-
O

option performs OS fingerprinting


-
sV option performs version detection



Sample output:


Starting nmap 3.50 ( http://www.insecure.org/nmap ) at 2004
-
03
-
29 20:02
Malay Peninsula Standard Time

Interesting ports on www.website.com (192.168.123.144):

(The 1650 ports scanned but not shown below are in state: closed)


PORT STATE SERVICE VERSION

21/tcp open ftp


Microsoft ftpd

80/tcp open http Microsoft IIS webserver 5.1

135/tcp open msrpc Microsoft Windows msrpc

139/tcp open netbios
-
ssn

443/tcp open https?

445/tcp open microsoft
-
ds Microsoft Windows XP microsoft
-
ds


Device type: general purpose

Running: Microsoft Windows 95/98/ME|NT/2K/XP

OS details: Microsoft Windows Millennium Edition (Me), Windows 2000
Professional or Advanced Server, or Windows XP


Nmap run completed
--

1 IP address (1 host up) scanned in 42.972 seconds


Tools for Fingerprinting


Telnet

can be used to connect to
port 80 of a web server to get its
name.


Example:


Use:
telnet www.website.com 80 to
connect to the server.


Then issue a GET request:
GET / HTTP/1.1

Sample response message received:


HTTP/1.1 200 OK

Date: Mon, 29 Mar 2004 13:52:24 GMT

Server: Apache/1.3.29 (Unix) mod_ssl/2.8.16 OpenSSL/0.9.7d

Transfer
-
Encoding: chunked

Content
-
Type: text/html

Via: 1.1 Application and Content Networking System Software 5.0.7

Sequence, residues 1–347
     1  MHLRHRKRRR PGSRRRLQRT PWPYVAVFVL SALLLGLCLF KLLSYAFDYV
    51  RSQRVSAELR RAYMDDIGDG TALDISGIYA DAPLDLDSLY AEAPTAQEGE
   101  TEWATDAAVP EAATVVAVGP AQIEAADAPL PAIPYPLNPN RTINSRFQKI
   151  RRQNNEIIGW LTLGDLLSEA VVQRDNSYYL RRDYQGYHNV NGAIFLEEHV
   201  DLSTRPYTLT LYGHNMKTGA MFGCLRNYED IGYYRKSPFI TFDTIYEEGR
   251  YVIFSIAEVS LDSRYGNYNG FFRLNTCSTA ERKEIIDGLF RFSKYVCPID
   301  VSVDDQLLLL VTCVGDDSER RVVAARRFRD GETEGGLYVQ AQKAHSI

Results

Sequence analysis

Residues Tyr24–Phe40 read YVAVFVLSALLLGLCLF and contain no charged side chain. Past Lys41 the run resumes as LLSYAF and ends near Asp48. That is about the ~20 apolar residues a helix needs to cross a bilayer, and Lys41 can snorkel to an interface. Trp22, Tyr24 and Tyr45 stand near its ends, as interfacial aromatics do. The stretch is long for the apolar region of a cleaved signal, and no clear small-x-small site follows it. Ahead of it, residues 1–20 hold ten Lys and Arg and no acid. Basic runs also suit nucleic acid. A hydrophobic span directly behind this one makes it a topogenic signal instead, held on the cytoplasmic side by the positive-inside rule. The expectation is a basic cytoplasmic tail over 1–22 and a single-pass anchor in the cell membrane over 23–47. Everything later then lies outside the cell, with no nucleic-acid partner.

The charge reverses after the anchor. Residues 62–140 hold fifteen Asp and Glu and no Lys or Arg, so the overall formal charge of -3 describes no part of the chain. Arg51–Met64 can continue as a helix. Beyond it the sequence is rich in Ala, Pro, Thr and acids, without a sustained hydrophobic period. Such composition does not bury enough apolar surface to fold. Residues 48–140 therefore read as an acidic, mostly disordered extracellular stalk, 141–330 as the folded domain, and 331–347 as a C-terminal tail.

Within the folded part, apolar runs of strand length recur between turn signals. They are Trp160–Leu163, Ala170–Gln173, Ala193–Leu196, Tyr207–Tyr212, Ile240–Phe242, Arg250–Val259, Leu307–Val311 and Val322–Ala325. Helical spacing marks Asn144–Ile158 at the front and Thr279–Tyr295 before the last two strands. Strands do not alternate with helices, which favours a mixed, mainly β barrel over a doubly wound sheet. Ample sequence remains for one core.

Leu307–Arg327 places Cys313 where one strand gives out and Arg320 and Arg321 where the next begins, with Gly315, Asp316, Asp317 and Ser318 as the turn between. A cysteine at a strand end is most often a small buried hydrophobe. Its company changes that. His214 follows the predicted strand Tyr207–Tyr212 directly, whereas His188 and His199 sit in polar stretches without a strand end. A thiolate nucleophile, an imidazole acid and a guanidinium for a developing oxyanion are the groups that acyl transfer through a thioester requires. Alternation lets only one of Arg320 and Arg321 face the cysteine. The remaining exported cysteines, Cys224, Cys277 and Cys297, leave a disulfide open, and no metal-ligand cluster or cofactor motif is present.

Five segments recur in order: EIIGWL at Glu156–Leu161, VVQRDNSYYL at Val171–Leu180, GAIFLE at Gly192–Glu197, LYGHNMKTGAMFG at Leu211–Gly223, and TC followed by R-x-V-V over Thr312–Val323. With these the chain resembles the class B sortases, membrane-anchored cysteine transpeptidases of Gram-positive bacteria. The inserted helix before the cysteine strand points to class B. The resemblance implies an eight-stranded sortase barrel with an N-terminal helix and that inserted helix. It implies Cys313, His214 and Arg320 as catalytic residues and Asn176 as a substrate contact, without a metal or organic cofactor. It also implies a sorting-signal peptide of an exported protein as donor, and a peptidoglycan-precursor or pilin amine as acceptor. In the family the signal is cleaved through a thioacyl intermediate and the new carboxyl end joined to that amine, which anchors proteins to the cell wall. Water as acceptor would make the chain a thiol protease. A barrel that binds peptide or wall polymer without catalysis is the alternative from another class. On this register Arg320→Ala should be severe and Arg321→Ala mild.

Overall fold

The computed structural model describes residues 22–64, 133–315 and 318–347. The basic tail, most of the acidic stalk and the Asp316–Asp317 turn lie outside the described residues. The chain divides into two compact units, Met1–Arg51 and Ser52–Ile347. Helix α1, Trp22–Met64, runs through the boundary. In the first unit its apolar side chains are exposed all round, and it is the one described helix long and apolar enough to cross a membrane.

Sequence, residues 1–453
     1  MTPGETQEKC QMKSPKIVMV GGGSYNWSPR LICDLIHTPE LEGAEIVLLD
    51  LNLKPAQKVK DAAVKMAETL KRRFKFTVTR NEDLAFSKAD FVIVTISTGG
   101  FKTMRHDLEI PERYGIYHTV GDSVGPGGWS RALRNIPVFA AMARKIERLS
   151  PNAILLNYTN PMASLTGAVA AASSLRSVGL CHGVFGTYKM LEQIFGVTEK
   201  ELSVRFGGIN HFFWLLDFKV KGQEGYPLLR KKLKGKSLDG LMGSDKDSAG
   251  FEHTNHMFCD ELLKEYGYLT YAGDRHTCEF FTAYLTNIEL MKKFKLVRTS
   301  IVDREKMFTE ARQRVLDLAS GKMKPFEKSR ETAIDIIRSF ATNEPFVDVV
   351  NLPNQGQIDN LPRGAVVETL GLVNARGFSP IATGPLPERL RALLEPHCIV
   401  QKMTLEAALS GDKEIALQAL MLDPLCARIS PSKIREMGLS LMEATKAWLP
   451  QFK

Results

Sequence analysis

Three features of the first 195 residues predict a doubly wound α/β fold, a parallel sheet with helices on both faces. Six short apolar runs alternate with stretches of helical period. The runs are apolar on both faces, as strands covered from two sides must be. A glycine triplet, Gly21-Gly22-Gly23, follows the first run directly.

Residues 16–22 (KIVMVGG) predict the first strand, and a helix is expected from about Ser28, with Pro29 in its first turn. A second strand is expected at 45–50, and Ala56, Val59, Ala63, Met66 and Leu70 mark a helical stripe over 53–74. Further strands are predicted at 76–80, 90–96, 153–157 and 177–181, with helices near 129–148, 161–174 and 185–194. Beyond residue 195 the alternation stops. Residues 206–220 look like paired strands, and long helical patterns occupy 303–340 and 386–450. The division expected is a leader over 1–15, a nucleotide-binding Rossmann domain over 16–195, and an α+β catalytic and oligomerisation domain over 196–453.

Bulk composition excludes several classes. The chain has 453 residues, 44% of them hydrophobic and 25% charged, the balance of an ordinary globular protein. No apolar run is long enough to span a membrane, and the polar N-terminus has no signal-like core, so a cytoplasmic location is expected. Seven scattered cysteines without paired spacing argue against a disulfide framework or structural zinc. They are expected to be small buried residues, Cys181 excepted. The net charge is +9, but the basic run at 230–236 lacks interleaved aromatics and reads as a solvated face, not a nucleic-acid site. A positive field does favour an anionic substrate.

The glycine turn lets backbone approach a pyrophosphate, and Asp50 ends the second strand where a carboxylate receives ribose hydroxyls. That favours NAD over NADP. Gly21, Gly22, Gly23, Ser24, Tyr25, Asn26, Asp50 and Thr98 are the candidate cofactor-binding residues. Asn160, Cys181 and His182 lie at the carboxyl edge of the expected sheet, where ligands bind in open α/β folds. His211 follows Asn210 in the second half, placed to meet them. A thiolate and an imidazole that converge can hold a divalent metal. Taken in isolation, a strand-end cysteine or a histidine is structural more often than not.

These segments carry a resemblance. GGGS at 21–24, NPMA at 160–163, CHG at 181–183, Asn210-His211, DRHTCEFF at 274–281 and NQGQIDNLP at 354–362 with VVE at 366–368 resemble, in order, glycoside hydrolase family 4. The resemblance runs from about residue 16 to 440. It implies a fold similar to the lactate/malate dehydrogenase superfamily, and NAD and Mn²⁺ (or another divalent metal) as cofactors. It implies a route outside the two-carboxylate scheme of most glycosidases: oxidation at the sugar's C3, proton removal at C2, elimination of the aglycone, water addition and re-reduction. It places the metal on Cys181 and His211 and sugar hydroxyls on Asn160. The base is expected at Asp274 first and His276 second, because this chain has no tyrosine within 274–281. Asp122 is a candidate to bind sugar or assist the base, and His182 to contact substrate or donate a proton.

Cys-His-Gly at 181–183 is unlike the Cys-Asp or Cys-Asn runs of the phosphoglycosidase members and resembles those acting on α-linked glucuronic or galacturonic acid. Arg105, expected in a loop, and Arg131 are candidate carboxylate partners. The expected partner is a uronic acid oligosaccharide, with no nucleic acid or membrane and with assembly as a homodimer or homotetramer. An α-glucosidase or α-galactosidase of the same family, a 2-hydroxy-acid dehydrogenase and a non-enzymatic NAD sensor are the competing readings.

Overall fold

Connection: Close








If source code of the web server is
available, it can be modified to return a
false value in the Server field.

Tools for Fingerprinting


Netcraft (
www.netcraft.com
) conducts
periodic surveys to determine the market
share of various web servers.



One of their feature allows a user to find
out information about a web server. E.g.


Web service running


Operating System


Uptime of the server

Stealth Techniques


Running the full suite of HTTP server
fingerprinting tests is very effective
in identifying a server.



But it is easy to be detected by an
IDS.



An attacker can try a few techniques
to minimize detection

Stealth Techniques

1. Have several computers and run a
subset of tests from each of them
and then correlate the data.



IDSes might not detect a pattern of
behavior if it analyzes records on a
host by host basis.

Stealth Techniques

2. Run the tests over a long period of
time.



If the IDS notice one unusual
Request then it might classify it as a
random error and flush the
observation after some time.

Stealth Techniques

3.
Do only the short forms of large Request tests




Server



URL Length

Response

-----------------------------------------------------------------------------------
Apache/1.3.12 (Win)

1
-
216


404 Not Found






217
-
8176

403 Forbidden






8177
-
up

414 Request
-
URI Too








Large

-----------------------------------------------------------------------------------


Netscape
-
FastTrack/4.1

1
-
4089